I hate to admit it, but against my better judgment I’ve fallen for the WB’s Superstar USA. Hard. I watch it, I laugh, I say, “This is horrible and I’m horrible for watching it”, and then I laugh some more. I realize that if there’s a Hell, and if I haven’t already reserved my deluxe suite on the banks of the Styx, then tuning into this weekly excuse to humiliate people whose only crime is being oblivious has definitely sealed my doom. I’ve weighed the options. I want to kick it JoJo style, and I’ll deal with the consequences later.

Truth be told, I don’t sing or dance any better than any of the kids on the show, and I was probably about their age before I realized it. That could easily have been me up there, and if it had been, then when they told me, “Congratulations, you’re the worst singer in America and you look like a big loser and you can’t sue us because you signed all your rights away ha, ha, ha!!!!!”, I’d probably kill myself. No, first I’d throw a rock at Briggs’ head, and then I’d kill myself. Briggs, in case like most of America you haven’t been watching this awful, wonderful show, is the WB’s equivalent of Simon Cowell, the difference being that Simon is witty and insightful and doesn’t have a constant need to seem like Simon Cowell. (Side note: every time I write the name Simon Cowell, I have to do an IMDB search to make sure I’m not mixing him up with the guy from “A Room With a View”.)

Part of what’s so fascinating about the show is just how low it’s willing to go. It’s not merely about watching people sing badly. The producers do everything they can to build up the contestants’ confidence, giving them makeovers, dangling mansions and sports cars in front of them as a peek into the kind of lifestyle they’ll someday be living — wink, wink — and handing them off to vocal coaches and choreographers who encourage them to accentuate the worst parts of their performances. They tell the geek that he’s a sex symbol, the sexy girl that she’s too sexy and the girl whose English skills are severely limited that it’s endearing when she flubs the lyrics. Clearly the contestants were chosen not just for their lousiness but for their susceptibility to manipulation.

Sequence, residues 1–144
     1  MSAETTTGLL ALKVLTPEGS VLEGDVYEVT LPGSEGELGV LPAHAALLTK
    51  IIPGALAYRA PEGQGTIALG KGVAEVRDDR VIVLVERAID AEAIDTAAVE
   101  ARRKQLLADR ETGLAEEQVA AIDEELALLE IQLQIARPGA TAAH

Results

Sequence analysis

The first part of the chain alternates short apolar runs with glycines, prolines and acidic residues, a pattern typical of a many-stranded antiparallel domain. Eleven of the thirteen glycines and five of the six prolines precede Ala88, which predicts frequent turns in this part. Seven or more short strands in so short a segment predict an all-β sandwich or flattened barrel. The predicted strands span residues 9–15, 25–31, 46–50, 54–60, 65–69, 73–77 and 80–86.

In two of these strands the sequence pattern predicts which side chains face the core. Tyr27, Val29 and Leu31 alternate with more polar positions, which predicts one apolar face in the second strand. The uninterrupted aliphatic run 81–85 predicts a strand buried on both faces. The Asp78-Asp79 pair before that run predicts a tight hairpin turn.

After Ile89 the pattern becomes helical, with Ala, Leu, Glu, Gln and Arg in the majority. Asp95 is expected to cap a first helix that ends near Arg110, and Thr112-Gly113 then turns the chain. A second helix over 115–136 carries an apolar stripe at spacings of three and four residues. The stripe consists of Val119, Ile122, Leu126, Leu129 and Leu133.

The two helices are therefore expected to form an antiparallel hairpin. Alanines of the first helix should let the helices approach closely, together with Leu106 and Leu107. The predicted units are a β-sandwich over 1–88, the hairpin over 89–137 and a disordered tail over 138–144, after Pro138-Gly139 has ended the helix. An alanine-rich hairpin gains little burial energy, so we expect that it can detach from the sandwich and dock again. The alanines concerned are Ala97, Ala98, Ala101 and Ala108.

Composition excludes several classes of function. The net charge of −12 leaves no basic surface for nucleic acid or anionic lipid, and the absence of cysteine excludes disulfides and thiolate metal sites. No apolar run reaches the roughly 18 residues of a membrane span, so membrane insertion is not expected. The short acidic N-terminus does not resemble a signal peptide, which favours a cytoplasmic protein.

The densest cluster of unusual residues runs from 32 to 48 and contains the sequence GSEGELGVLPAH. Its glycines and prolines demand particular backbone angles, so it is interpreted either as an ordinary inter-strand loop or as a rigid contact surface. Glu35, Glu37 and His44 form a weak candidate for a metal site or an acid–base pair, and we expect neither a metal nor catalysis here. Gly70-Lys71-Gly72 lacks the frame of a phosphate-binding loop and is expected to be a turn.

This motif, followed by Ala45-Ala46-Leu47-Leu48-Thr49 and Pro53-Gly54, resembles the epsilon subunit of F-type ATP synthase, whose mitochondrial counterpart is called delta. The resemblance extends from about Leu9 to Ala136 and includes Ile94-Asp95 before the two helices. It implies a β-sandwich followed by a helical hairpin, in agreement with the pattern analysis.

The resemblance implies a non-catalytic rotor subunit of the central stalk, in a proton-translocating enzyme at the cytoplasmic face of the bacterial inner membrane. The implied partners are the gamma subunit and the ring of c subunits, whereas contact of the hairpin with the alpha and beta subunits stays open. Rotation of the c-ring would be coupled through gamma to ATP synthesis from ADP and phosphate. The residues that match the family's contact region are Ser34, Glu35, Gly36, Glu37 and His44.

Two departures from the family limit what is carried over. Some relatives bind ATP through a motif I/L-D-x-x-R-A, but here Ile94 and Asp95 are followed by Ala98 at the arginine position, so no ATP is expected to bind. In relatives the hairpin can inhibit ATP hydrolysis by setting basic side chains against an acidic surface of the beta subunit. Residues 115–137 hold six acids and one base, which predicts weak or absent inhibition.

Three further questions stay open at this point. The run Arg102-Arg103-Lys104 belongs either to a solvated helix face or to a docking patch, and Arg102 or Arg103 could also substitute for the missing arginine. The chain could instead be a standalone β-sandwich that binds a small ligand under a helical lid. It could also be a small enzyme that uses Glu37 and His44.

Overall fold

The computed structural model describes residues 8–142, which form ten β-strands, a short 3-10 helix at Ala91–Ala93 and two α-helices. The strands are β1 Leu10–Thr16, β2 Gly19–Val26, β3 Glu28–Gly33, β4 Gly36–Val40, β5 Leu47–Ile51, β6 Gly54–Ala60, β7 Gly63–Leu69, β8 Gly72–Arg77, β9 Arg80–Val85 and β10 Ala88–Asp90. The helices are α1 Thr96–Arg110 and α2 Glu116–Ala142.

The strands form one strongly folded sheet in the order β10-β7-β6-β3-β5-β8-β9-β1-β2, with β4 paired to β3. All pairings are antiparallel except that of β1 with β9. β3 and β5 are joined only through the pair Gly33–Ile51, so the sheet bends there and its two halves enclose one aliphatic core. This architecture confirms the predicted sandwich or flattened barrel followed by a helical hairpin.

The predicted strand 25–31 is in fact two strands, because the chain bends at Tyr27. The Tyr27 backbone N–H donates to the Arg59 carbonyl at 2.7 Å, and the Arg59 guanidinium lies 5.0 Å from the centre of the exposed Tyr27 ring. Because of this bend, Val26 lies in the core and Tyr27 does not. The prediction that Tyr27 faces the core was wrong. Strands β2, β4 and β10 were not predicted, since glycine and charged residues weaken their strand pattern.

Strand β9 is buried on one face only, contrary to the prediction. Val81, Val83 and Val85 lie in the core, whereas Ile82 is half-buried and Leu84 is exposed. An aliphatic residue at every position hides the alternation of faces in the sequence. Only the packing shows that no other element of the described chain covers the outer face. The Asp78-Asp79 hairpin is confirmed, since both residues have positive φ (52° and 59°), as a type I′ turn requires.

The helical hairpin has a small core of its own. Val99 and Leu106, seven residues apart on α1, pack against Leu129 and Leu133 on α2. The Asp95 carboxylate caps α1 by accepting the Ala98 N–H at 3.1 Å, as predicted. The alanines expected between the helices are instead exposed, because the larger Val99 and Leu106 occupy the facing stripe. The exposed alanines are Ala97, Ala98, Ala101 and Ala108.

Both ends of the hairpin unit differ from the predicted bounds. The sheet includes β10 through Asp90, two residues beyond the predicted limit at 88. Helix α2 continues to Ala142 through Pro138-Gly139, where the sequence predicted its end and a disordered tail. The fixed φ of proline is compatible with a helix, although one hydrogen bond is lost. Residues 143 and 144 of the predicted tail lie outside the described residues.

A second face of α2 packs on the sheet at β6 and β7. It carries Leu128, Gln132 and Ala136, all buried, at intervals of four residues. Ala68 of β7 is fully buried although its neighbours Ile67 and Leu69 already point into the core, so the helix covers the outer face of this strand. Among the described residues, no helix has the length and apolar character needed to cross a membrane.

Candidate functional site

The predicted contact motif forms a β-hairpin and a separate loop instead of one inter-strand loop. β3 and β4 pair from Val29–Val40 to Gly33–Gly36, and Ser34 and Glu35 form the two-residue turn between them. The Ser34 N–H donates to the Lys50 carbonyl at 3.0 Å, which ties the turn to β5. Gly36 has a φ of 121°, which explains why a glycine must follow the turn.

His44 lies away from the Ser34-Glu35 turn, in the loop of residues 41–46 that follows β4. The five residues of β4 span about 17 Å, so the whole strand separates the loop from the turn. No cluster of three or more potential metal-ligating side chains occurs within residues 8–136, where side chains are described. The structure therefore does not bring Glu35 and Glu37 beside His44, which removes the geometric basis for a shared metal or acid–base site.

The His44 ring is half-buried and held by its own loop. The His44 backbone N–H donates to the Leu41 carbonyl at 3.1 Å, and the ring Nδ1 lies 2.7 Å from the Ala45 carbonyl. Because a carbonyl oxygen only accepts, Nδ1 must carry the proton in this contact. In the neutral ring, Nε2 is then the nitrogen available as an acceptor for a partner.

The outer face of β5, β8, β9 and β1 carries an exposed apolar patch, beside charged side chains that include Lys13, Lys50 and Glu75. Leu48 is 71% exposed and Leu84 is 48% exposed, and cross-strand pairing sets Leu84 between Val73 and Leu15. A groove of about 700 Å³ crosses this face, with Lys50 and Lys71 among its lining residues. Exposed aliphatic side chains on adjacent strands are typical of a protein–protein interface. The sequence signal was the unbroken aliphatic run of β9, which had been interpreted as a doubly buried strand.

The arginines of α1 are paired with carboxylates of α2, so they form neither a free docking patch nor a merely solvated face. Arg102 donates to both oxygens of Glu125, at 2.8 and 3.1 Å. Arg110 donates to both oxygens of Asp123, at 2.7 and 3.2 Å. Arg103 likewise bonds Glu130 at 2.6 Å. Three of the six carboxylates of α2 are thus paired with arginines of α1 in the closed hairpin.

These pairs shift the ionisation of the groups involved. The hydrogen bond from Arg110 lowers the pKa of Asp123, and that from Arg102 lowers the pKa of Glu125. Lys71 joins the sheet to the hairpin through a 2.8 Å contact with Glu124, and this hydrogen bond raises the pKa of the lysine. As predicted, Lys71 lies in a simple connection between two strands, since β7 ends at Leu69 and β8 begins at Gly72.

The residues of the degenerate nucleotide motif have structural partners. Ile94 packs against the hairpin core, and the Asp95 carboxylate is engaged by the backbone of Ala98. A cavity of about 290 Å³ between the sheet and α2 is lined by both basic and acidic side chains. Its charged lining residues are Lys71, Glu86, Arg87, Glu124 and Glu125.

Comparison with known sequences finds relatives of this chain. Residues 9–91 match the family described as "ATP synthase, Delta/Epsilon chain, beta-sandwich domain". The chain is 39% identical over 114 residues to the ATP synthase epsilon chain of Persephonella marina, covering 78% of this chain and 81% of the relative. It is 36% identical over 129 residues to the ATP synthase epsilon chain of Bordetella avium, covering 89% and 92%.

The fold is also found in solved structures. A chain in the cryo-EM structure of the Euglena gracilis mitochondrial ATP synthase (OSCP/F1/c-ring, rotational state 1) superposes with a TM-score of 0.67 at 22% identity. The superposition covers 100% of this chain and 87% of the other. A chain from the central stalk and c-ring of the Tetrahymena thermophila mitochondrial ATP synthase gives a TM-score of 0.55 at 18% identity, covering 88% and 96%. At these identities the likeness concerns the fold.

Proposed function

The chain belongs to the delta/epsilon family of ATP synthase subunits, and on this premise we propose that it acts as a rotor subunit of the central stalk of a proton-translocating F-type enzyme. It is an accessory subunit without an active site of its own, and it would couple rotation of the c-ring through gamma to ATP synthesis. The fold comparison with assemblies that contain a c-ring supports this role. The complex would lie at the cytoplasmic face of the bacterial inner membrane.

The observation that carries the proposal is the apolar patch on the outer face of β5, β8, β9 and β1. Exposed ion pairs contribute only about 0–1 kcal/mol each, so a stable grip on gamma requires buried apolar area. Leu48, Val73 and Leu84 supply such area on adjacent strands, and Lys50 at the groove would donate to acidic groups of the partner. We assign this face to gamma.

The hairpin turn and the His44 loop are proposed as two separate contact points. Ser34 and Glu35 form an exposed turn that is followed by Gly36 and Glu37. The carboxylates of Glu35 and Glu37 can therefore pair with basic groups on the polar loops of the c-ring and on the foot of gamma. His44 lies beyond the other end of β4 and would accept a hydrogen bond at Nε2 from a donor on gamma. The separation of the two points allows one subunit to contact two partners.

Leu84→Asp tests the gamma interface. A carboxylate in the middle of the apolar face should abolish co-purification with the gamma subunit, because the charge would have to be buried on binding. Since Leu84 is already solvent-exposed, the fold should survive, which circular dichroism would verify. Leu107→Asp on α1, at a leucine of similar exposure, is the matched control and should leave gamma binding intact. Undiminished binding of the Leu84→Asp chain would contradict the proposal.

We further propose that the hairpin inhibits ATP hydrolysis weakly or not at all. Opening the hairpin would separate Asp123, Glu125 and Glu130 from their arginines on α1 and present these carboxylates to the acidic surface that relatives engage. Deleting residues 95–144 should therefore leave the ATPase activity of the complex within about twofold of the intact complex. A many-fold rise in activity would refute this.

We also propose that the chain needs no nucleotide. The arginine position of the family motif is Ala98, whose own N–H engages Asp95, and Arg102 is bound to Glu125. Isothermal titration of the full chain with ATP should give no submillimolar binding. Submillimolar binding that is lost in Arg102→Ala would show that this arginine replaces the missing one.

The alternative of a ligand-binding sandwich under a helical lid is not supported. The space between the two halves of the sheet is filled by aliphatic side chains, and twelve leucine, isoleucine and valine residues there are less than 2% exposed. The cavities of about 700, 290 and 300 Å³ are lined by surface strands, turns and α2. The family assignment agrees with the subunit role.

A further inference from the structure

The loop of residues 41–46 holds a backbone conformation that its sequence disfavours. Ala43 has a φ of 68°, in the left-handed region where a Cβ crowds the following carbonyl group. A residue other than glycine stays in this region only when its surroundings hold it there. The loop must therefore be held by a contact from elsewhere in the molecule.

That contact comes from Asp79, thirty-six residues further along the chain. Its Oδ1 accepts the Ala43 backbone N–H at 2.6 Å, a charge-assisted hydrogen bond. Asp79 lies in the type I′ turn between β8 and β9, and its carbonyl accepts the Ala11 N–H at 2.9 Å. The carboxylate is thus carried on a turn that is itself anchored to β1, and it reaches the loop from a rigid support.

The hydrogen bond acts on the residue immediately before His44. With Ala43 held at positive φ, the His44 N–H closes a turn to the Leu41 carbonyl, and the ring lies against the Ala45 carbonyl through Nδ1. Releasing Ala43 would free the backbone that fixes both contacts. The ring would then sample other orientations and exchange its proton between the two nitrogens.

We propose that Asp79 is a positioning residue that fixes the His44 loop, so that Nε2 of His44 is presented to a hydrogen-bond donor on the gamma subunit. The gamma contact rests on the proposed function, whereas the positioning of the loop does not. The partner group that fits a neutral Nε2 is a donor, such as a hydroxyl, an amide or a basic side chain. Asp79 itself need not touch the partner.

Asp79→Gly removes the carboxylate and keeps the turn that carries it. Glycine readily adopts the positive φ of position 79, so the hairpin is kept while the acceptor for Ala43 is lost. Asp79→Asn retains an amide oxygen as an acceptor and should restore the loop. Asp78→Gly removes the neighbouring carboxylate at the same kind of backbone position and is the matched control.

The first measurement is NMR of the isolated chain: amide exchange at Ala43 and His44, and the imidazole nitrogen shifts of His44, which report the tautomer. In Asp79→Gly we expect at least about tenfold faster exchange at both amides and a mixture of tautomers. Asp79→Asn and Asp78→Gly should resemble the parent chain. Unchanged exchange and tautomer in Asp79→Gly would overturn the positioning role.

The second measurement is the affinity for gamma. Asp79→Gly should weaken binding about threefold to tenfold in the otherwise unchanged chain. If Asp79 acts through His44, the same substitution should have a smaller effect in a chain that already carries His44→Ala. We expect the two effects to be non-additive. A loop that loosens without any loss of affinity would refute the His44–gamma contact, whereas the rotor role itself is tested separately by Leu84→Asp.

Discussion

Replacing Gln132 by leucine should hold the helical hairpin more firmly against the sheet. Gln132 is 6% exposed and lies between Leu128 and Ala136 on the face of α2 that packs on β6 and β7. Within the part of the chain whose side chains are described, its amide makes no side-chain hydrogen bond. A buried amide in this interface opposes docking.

I’d like to think that the winner is going to be a hero who actually makes a few bucks off this like William Hung did, and that’ll be ample compensation for the damage done. But I seriously doubt it. I’d also like to think that this is just a big hoax on the audience, and these kids are the world’s greatest actors, and on the finale they’re going to say, “You don’t really think we’d be this cruel, do you?” And Jamie will say, “Hi, my real name is Dannika Louise D’aolantonio and I’m going to be the new girl on 7th Heaven this fall!” And Rosa will say, in perfect English, “Hey, yo, I’m Def Jam Recording Artist ‘Kalicko’ and my CD drops July 13.” And then I’ll laugh some more and feel good about life and human nature once again. But that’s probably wishful thinking. Some people really are this deluded, and all TV producers really are this mean.

I know. Hell is going to be bad. Not only is there fire and Hilter and country music, but Tone Loc, who let me down the one time I needed him, will be there, too, and so will Vitamin C, who allegedly was a pop star at one point — I seem to have missed that. But for now let me enjoy watching some poor innocent souls going through a Hell of their own. I’m counting the days until next week when the truth is finally revealed to them. I’m hoping against hope that they’ll handle the moment well.

But I’m also hoping they brought along some rocks.

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